While it may not be a perfect name, I will first create two classes - UnaryLogicalFunctor and BinaryLogicalFunctor. These classes allow the logical operators to be called either as Functions (ala UnaryFunction) returning a Boolean object or as Predicates (ala UnaryPredicate) returning a boolean primitive. For example, a binary Equal FunctorObject can then be used in the following ways:

  1. Use class Equal as a BinaryFunction:
        BinaryFunction equal = new Equal();
        Boolean b = (Boolean)equal.eval( new Long(1), new Long(1) );
  1. Use class Equal as a BinaryPredicate:
        BinaryPredicate equal = new Equal();
        boolean isEqual = new Long(1), new Long(1) );
Maybe the abstract class that Equal implements might be better named BinaryPredicateFunction, but BinaryLogicalFunctor seemed more appropriate at the time.

Because Java does not have generic types or variants that do not require casts, this feature (calling logical operators as functions or predicates) becomes very important in RealWorld scenarios such as when relational and arithmetic FunctorObjects are composed together. I suppose I could have just eliminated the predicates altogether, but they are so elegant and straightforward (and used often enough) that I figured the simpler interface was worth the more complicated implementation (see: the MIT approach versus the New Jersey approach).

The two logical functor classes have only one purpose - mapping between predicate usage and function usage. Note that these abstract classes would not be required by something like arithmetic operators that should always be implemented as functions.

     class      BinaryLogicalFunctor
     implements BinaryPredicate,
     //* Subclass must implement
     public boolean is( Object arg1, Object arg2 );
     //* Call predicate interface and map to object result
     public Object eval( Object arg1, Object arg2 )
             is( arg1, arg2 ) 
                 ? Boolean.TRUE
                 : Boolean.FALSE;

public abstract class UnaryLogicalFunctor implements UnaryPredicate, UnaryFunction { //* Subclass must implement abstract public boolean is( Object arg );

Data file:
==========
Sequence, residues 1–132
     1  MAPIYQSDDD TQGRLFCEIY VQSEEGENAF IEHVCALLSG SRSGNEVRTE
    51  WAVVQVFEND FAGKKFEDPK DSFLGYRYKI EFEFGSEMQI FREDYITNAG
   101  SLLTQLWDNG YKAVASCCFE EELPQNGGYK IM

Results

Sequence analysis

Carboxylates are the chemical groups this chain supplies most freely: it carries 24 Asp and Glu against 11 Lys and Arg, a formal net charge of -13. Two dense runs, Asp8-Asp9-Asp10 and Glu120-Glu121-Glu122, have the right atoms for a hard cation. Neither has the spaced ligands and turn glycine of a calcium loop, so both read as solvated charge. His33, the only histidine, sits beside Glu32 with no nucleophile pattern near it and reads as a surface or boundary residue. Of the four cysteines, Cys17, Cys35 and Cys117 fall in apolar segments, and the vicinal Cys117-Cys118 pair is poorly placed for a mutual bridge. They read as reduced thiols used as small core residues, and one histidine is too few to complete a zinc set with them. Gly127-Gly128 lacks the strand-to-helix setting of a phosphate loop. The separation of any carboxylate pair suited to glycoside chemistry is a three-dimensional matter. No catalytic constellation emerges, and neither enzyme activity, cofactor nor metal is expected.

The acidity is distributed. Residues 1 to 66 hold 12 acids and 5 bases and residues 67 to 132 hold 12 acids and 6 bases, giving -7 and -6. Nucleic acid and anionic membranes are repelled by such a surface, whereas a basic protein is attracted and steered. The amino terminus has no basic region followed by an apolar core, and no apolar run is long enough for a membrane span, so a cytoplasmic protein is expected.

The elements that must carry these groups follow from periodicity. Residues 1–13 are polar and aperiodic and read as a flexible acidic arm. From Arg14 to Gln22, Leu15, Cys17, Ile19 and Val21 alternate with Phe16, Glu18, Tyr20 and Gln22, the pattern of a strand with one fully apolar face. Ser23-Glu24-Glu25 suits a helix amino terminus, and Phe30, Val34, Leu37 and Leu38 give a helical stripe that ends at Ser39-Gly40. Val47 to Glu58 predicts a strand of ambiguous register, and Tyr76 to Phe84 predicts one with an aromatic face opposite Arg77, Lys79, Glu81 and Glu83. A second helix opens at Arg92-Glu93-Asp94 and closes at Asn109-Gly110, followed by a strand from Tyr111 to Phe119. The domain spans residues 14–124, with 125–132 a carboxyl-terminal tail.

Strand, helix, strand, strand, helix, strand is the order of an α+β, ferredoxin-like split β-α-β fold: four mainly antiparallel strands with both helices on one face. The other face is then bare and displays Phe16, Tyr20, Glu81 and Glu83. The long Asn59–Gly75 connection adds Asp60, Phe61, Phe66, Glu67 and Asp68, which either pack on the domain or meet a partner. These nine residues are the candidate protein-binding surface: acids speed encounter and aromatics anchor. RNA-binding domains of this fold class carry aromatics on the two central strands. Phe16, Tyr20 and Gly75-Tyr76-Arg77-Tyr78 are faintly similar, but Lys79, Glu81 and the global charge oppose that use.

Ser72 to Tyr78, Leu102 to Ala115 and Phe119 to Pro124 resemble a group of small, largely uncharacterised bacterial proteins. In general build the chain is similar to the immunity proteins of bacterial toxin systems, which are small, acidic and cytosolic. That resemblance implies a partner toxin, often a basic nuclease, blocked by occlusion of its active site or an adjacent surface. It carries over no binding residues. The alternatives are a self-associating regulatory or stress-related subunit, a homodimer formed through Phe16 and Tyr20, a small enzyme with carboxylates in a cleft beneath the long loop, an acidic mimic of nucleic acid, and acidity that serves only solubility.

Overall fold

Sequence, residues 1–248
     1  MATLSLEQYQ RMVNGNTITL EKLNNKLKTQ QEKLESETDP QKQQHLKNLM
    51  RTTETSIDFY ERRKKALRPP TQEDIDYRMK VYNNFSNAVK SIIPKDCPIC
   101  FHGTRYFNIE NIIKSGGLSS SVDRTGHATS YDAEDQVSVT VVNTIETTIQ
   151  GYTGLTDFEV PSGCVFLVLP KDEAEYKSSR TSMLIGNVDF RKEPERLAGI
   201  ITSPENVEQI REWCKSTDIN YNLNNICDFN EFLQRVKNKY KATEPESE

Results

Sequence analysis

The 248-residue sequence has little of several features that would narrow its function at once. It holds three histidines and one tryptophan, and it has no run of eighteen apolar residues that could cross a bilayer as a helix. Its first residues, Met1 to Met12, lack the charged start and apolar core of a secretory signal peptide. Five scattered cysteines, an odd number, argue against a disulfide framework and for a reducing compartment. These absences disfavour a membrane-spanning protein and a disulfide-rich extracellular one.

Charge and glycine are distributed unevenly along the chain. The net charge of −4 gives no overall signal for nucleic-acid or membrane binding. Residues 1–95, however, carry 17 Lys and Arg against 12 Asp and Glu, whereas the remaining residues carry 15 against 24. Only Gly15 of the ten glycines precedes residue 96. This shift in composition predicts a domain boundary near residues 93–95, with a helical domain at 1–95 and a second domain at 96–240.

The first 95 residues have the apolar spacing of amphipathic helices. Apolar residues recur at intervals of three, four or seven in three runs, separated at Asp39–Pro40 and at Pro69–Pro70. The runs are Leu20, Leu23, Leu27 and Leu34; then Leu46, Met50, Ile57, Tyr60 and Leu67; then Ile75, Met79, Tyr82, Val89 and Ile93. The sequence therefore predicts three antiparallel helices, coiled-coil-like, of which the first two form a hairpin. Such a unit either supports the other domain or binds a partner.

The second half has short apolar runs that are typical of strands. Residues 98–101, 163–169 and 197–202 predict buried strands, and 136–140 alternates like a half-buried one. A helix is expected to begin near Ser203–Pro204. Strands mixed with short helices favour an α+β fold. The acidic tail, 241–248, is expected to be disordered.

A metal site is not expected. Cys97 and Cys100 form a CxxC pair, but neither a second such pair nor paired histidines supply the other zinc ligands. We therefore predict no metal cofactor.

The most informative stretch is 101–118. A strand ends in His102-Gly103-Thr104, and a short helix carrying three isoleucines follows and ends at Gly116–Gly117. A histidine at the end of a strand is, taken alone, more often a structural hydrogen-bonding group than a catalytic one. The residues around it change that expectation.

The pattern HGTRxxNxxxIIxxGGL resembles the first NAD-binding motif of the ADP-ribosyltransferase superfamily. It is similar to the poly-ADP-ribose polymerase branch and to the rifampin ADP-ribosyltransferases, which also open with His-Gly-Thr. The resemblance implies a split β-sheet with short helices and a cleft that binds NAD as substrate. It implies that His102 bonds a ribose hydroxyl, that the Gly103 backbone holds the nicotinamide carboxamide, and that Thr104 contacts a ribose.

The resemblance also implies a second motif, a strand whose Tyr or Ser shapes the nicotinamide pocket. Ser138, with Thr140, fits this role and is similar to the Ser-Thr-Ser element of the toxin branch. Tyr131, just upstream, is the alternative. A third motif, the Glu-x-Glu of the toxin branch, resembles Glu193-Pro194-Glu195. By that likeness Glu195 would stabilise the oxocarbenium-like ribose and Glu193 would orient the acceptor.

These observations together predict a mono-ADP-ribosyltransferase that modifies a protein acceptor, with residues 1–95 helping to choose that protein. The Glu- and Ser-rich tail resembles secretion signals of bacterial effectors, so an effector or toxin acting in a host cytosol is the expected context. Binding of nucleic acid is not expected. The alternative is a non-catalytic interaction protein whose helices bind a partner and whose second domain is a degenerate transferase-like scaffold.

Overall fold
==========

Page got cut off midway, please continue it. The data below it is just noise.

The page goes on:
//* Call predicate interface and map to object result public Object eval( Object arg ) { return is( arg ) ? Boolean.TRUE : Boolean.FALSE; } }
That's all there is to 'em. Now, lets dig into some concrete classes that build on these abstract classes. These are the classes one would most often use when constructing constraints.

Conditional: And

 #package com.tripwire.rdifalco.ast;

final public class And extends BinaryLogicalFunctor { public boolean is( Object arg1, Object arg2 ) { return ((Boolean)arg1).booleanValue() && ((Boolean)arg2).booleanValue(); } }

Conditional: Or

 #package com.tripwire.rdifalco.ast;

final public class Or extends BinaryLogicalFunctor { public boolean is( Object arg1, Object arg2 ) { return ((Boolean)arg1).booleanValue() || ((Boolean)arg2).booleanValue(); } }

Equality: Value

 #package com.tripwire.rdifalco.ast;

final public class Equals extends BinaryLogicalFunctor { public boolean is( Object arg1, Object arg2 ) { return arg1.equals( arg2 ); } }

Equality: Reference

 #package com.tripwire.rdifalco.ast;

final public class Same extends BinaryLogicalFunctor { public boolean is( Object arg1, Object arg2 ) { return arg1 == arg2; } }

Relational: Less

 #package com.tripwire.rdifalco.ast;

final public class Less extends BinaryLogicalFunctor { public boolean is( Object arg1, Object arg2 ) { return ((Comparable)arg1).compareTo( arg2 ) < 0; } }

Relational: Greater

 #package com.tripwire.rdifalco.ast;

final public class Greater extends BinaryLogicalFunctor { public boolean is( Object arg1, Object arg2 ) { return ((Comparable)arg1).compareTo( arg2 ) > 0; } }